Swimming offers a full-body workout, can help you manage pain and boosts your mood as you connect with nature. But swimming in open water can be risky. Observed from July 16 to 22, Drowning Prevention Week reminds Canadians to swim safely in open water. Learn more about water safety, preventing drowning, and protecting yourself and your family while swimming.
Understand the Dangers of Open Water
While swimming in oceans, rivers, or lakes is fun, relaxing, and beneficial, it can also be dangerous. In 2020, six in 10 drownings occurred in open water, according to the Lifesaving Society. Factors that increase your risk include a lack of lifeguards, swimming alone, consuming alcohol, and not wearing protective gear. Plan to address and minimize these and other potential dangers as you swim.
Learn to Swim
Before entering open water, ensure you and your family know how to swim. Take lessons from a trained lifeguard or a learn-to-swim program.
Also, verify that everyone can successfully perform basic skills, such as:
- Tread water for at least one minute
- Swim 50 metres
- Orient yourself in open water
- Roll into deep water from a boat
- Swim and tread water while fully clothed
- Breathe while swimming in choppy water.
Likewise, learn how to rescue someone from deep water. Prioritize your safety, then use the drowning prevention techniques talk, reach and throw to help others.
Develop Basic First Aid Skills
Prepare to address life-threatening emergencies like cramps, fatigue or injury that could occur while swimming in open water. In addition to recognizing and honouring your physical limits, learn how to stretch cramping muscles, dress routine wounds and perform CPR. Ensure everyone in your party knows how to dial 911 or contact emergency services.
Never Swim Alone
Strong or experienced swimmers can become disoriented, fatigued or injured in open water. Always swim with a buddy. If you must enter open water without a partner, share your location with a trusted family member or friend before you jump or wade in and let them know when you leave the water.
Never let children swim alone in open water. Watch them closely and remain within arm’s length. This way, you can watch for signs of distress as you protect your loved ones.
Wear a brightly coloured swim cap or use a buoy to ensure others can see you in the water. Know who you share the water with and maintain a safe distance from the watercraft.
Swim in Daylight
After dark, you could become disoriented, drift too far from shore or run into hazards. Plan your excursions carefully and swim only during daylight hours to avoid dangers as you play.
Wear Protective Gear
In addition to your swimsuit, pack gear that can protect you in open water. Carry a whistle, wear a life jacket and pack an emergency flotation device. Depending on the water temperature, you may also want to wear an insulated wet suit to avoid hypothermia or cold water shock. Charge your cell phone if you need to contact emergency services.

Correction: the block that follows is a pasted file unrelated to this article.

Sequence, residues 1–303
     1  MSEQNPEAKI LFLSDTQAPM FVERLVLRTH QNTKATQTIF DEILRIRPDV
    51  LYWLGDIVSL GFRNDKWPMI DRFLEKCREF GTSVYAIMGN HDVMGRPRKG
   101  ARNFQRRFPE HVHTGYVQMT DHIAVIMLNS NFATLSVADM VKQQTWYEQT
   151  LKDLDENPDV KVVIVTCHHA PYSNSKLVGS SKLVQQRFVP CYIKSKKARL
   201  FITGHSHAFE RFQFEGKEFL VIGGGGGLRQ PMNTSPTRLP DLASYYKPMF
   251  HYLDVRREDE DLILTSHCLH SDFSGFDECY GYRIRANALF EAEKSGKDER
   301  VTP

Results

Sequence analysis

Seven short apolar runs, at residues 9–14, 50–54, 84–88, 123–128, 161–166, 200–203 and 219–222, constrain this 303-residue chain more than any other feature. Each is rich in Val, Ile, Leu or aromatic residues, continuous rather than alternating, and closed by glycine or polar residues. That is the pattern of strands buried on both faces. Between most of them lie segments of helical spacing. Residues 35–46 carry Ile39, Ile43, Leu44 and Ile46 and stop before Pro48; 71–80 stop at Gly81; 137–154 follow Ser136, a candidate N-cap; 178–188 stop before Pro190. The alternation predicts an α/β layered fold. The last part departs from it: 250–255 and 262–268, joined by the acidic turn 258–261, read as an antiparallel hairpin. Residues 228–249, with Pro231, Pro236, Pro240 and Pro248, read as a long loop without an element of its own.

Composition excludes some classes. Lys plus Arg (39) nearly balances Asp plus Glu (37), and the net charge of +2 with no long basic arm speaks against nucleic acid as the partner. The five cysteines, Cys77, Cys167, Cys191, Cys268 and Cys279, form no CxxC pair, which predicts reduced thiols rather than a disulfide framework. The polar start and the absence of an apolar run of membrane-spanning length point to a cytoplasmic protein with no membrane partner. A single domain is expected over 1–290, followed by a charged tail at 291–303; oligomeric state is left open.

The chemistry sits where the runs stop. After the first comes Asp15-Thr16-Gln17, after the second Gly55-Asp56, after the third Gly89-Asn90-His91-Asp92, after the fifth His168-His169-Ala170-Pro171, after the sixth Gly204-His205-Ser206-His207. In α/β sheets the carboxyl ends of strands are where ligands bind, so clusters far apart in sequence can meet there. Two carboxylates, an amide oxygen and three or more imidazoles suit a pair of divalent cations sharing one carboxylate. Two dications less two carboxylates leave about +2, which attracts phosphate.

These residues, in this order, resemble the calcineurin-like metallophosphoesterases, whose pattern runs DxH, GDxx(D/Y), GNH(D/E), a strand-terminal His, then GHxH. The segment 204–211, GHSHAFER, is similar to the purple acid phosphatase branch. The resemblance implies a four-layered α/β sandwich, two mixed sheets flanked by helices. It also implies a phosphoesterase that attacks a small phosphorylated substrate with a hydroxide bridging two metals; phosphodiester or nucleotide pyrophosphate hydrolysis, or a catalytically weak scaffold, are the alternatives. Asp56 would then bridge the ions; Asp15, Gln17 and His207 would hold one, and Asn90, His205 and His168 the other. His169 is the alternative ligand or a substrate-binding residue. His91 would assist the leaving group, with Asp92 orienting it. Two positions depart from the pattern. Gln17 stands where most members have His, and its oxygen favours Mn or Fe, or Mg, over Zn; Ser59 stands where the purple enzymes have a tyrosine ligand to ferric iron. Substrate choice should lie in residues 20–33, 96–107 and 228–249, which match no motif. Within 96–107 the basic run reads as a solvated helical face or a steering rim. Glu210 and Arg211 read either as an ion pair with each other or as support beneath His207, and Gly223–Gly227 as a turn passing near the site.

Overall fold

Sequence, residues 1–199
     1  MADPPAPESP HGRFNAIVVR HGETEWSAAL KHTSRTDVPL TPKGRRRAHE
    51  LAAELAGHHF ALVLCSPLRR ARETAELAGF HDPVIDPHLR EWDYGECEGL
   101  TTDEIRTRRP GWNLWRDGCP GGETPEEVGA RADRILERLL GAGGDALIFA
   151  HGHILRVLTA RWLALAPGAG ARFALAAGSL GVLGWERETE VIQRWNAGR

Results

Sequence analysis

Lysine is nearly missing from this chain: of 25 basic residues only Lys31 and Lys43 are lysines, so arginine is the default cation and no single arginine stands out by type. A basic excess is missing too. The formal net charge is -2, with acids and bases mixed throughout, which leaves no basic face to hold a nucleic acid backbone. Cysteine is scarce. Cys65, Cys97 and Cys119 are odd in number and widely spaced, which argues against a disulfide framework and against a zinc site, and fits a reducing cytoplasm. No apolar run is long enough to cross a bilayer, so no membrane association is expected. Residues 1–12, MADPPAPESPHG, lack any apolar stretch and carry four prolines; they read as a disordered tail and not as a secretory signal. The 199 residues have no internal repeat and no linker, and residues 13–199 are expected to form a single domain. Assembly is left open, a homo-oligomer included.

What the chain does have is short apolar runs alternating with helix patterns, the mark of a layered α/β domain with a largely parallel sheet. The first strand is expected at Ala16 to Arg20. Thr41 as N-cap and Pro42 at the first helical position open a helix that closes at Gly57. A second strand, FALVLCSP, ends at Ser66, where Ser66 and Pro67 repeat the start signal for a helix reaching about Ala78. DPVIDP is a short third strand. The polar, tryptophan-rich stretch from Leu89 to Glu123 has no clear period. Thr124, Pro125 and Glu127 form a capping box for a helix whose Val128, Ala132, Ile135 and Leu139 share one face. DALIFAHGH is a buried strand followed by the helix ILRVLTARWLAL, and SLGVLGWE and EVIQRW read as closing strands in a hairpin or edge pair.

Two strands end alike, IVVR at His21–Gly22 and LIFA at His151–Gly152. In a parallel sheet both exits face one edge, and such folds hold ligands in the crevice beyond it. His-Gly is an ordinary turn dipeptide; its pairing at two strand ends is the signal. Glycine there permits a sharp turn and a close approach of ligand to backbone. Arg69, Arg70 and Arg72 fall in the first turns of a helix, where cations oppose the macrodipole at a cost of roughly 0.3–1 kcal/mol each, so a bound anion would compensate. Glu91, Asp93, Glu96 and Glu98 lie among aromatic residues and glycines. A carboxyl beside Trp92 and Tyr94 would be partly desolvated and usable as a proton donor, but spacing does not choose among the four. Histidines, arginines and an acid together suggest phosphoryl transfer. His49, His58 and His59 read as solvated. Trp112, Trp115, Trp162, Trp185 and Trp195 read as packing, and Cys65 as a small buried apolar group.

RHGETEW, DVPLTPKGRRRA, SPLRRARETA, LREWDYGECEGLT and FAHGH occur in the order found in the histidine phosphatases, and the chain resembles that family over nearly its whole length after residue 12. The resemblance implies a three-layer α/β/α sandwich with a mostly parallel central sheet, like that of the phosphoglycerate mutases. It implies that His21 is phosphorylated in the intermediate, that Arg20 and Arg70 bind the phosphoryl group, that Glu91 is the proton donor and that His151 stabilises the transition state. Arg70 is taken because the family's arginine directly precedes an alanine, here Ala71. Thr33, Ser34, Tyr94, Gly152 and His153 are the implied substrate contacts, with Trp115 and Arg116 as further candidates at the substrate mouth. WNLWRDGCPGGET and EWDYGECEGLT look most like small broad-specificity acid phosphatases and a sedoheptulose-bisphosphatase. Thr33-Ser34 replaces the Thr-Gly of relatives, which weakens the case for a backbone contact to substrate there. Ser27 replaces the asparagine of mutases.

Seaweed, buried logs, floating debris, riptides, and strong currents are common open-water hazards. Inspect the water for these and other potential dangers. Then, decide how to proceed. You may wish to avoid certain areas as part of your drowning prevention plan. For example, riptides usually occur in surf zones and can be 20 feet wide. To escape a riptide, remain calm and swim parallel to the shore.
Be Aware of Your Surroundings
Swimming or floating a great distance in open water is easy without realizing how far you’ve gone. If that happens, you may not have the stamina or energy to return to shore. So, choose a landmark and swim to it. Or commit to staying a certain distance from shore. And stop often to check your surroundings as you promote water safety.
Plan Your Exit
Rivers, lakes and oceans don’t have an exit ladder. So, inspect the area and identify access points where you can safely exit. For example, avoid muddy or rocky banks and choppy water.
Alcohol, cannabis and certain medications impair your judgement, slow your reflexes, and reduce your ability to recognize danger, make decisions or stay safe. That’s why you want to remain sober every time you swim.
As you enjoy swimming in Canada, practise these water safety tips. Discover additional safety techniques when you sign up for Wayfarer’s monthly newsletters. If you’re looking for exceptional service and a trusted insurance provider, request a quote for RV insurance to protect your home away from home.